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Activity Synthesis
 Invite previously identified students to share how they reasoned about ways to represent 300.
 “What did you notice about the number of tens and the number of hundreds?” (10 tens = 1 hundred, 20 tens = 2 hundreds, 30 tens = 3 hundreds)
 “How many hundreds would I have if I have 80 tens?” (8 hundreds)
Activity 2: How Many Hundreds? (15 minutes)
Narrative
The purpose of this activity is for students to make sense of representations of more than 1 hundred. Students recognize that baseten diagrams can be used to represent hundreds even when all of the ones are not outlined. Students make connections between multiples of 10 and multiples of 100, as they consider the relationship between 70 tens and 7 hundreds. Students describe how grouping tens and counting units of 1 hundred help to count and represent large numbers.
Supports accessibility for: Memory, Organization
Required Materials
Materials to Gather
Launch
 Groups of 2–4
 Give students access to baseten blocks, including hundred blocks.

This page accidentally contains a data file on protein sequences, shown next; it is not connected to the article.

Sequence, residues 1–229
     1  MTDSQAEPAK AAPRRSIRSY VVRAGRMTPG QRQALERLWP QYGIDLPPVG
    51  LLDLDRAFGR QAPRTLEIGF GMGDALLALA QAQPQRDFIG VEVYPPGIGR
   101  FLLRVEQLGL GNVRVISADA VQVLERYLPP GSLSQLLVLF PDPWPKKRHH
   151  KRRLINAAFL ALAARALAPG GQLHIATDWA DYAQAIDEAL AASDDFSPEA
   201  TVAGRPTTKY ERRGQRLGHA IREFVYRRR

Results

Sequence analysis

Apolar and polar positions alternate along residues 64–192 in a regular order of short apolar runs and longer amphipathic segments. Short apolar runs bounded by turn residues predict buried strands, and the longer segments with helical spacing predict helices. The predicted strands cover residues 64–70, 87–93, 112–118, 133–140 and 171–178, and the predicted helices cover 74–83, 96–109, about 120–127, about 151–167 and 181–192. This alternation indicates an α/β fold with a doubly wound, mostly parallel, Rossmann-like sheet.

Activity
 “Han and Jada represented 700 using baseten blocks, numbers, and words.”
 “They were both going to draw a baseten diagram, but ran out of time.”
 “Represent each student’s work with baseten blocks in your group.”
 “Then, discuss each question together.”
 10 minutes: group work time
 Monitor for groups that organize their tens into groups of ten and count each group as 1 hundred.
Student Facing
Han and Jada represented the same number using baseten blocks. They started baseten diagrams, but ran out of time to finish them.
Jada
Han
I only used hundreds.
I only used tens.
Total value: 700
Total value: 700
 Use baseten blocks to show what each student’s work would look like if they had time to finish it.
 Explain how you know both ways of using baseten blocks show 700.
 Complete Jada’s baseten diagram.
 Explain why you think Han ran out of time to finish his diagram.
Student Response
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Advancing Student Thinking
 “What is the value of all these tens? How can you prove that?”
 “How could you organize the tens so it’s easier to see the total value?”
Activity Synthesis
 “How do you know that Jada’s way shows 700?” (You could count each hundred block by 1. You could count the squares by 1. If there are 7 hundred blocks, then it shows 700.)
 Invite previously selected identified groups to share how they organized their blocks when using Han’s way.
Lesson Synthesis
Lesson Synthesis
“Today we used baseten blocks and diagrams to represent numbers that are much greater than 100.”
“Which way do you think was easier to represent 700, Jada’s way or Han’s way? Explain.” (Jada’s way. It’s faster to just count out 7 blocks than 70 blocks. It was easier to make sure we were showing 700.)
“Han’s way used 70 total blocks. How could you represent 700 with the greatest amount of blocks?” (You could use 700 ones.)
Cooldown: How Many? (5 minutes)
CoolDown